S15 Studies in California Wildfires, Aerosols, and Health Effects

Sunday, 10 January 2016
Hall E ( New Orleans Ernest N. Morial Convention Center)
Lenetta Mallory, NCAS, Jackson, MS; and J. Darensbourg, R. S. Reddy, and M. Fadavi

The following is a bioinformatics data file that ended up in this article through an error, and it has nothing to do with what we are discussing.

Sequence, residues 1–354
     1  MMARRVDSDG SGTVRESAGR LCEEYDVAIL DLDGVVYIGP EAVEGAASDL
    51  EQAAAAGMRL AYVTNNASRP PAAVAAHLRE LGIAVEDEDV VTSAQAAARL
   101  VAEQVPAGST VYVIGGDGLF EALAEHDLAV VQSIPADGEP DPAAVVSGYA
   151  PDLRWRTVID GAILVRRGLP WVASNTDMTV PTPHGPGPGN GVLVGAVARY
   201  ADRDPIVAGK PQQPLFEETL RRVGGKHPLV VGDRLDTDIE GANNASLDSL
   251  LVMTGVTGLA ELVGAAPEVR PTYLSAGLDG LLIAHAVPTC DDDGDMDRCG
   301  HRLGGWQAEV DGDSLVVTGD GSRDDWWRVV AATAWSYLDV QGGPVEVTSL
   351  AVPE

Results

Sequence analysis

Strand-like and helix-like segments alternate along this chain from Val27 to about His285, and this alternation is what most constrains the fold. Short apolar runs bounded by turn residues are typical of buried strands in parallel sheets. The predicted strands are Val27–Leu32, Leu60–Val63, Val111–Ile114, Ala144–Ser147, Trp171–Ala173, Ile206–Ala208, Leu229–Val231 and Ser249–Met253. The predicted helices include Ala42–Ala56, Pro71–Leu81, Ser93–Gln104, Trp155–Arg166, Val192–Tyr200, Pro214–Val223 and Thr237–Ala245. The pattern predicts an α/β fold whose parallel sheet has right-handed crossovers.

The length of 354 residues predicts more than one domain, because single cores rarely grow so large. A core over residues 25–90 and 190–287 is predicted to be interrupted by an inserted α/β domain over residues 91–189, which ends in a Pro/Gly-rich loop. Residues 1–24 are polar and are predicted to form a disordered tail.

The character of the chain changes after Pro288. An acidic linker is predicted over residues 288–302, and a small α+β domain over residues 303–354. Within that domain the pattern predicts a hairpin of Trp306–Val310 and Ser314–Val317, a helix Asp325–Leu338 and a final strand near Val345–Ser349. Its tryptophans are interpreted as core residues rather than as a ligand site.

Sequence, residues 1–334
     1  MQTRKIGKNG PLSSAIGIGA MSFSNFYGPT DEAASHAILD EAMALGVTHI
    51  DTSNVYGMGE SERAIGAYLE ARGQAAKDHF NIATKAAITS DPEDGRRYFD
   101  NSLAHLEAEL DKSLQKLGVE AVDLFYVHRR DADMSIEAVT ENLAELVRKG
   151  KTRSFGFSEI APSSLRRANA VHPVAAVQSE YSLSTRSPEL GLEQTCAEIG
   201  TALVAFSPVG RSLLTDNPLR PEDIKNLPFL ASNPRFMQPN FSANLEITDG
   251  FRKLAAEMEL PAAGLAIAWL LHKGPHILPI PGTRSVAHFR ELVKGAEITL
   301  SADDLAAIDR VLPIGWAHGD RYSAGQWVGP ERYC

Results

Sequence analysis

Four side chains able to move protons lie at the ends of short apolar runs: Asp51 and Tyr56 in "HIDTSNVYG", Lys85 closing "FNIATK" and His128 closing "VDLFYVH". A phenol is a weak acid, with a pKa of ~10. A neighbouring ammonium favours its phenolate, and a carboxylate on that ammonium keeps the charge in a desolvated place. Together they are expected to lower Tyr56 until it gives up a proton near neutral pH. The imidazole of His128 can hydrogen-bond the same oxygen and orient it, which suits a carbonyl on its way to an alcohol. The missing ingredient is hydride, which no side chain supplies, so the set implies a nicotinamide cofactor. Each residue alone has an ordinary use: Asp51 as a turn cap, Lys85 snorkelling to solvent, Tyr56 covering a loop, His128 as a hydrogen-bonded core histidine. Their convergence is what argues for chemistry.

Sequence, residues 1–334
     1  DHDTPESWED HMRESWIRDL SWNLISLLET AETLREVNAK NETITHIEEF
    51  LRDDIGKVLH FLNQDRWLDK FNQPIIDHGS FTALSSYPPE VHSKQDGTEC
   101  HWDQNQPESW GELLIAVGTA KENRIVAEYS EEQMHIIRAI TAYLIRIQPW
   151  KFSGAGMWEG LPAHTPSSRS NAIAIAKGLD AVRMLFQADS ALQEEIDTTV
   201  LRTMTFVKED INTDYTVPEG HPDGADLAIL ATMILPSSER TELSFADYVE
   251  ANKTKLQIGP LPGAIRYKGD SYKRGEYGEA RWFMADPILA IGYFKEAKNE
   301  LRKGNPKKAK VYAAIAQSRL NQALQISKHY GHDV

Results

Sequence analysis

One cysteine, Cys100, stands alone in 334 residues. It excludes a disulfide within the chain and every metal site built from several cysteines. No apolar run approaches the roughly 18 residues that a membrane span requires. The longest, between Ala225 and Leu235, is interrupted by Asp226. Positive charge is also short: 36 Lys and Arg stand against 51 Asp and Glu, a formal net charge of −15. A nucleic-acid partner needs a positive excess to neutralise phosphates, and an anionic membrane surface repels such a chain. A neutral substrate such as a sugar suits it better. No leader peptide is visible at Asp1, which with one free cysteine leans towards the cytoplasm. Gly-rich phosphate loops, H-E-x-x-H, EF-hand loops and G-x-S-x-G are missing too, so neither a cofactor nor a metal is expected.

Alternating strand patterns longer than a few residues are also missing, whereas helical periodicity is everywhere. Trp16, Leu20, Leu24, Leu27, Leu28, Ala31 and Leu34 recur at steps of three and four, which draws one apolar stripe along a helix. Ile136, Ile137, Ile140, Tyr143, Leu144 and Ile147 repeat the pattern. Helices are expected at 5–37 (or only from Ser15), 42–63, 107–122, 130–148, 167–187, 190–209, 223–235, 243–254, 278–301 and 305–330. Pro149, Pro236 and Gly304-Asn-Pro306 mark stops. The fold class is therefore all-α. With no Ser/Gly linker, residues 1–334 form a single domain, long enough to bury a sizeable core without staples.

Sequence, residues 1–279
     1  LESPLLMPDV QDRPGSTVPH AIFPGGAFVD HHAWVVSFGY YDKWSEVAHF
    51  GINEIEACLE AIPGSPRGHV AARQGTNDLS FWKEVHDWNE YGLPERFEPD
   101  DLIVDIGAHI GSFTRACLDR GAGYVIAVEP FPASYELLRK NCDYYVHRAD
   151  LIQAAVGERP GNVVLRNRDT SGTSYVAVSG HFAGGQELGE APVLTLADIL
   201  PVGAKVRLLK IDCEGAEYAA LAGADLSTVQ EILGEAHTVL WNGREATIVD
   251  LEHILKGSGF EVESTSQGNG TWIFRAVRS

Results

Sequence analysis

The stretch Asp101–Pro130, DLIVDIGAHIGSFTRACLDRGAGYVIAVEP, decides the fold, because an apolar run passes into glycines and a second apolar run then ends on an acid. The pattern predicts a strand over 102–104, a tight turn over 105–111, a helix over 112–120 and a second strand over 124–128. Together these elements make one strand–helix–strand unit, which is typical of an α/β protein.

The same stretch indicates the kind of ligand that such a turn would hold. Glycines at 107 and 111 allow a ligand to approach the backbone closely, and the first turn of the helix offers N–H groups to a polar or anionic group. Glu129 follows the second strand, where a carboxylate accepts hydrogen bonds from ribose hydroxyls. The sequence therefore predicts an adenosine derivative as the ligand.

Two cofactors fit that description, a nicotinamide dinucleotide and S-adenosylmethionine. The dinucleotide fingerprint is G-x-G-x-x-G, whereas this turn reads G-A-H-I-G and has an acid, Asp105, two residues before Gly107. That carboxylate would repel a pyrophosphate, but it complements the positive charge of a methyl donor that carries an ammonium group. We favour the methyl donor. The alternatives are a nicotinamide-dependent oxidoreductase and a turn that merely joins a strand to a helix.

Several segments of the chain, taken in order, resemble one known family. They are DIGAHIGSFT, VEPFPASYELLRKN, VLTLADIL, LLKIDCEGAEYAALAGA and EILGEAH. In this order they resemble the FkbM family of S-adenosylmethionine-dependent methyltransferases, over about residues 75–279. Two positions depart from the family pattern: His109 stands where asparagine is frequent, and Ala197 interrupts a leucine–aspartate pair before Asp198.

This study has been undertaken for the NOAA Center for Atmospheric Sciences (NCAS) Project at Jackson State University to investigate the interactions of PM 2.5 Ám and the Rim Fire of August 17, 2013. The Rim Fire is the third largest wildfire that California has ever seen before. The fire started just miles away from Yosemite National Park in the county of Tuolumne on August 17, 2013 and finally destroyed September 6, 2013. The fire spread through the forests and parts of Nevada with 257,314 acres burned. The damages took a toll, especially on Yosemite National Park with having part of its forest burned to the ground and beginning the restoration process to regrow the trees and plants. This study will compare PM 2.5 Ám and the ozone concentration for the aforementioned event over several closest cities to the fire. Using EPA's Air Quality System (AQS) the effects of the fire increased the temperatures to the surrounding cities like Groveland, California and Yosemite National Park that were examined by the Almanac. The Rim Fire burned down acres in a matter of days and this caused the temperature to increase with the burning fire and smoke. Thus a concern of possible health effects caused by California's Rim Fire can affect a person's respiratory system, cause chronic lung and heart issues and also cause irritation to your eyes. The smoke raised to higher levels in the atmosphere that will cause small aerosol particles to be suspended in the air that are suppressed in the winds at the higher pressure levels. The rich PM 2.5 Ám can reflect the sun's short-wave radiation and can lead to atmospheric cooling and enhanced condensation. The increasing aerosols in the atmosphere affected the decrease in the ozone concentration.
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